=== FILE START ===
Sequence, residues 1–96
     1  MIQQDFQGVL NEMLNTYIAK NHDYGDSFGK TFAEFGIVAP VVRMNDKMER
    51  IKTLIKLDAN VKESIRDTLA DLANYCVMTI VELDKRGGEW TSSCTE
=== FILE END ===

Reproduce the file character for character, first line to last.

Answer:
Sequence, residues 1–96
     1  MIQQDFQGVL NEMLNTYIAK NHDYGDSFGK TFAEFGIVAP VVRMNDKMER
    51  IKTLIKLDAN VKESIRDTLA DLANYCVMTI VELDKRGGEW TSSCTE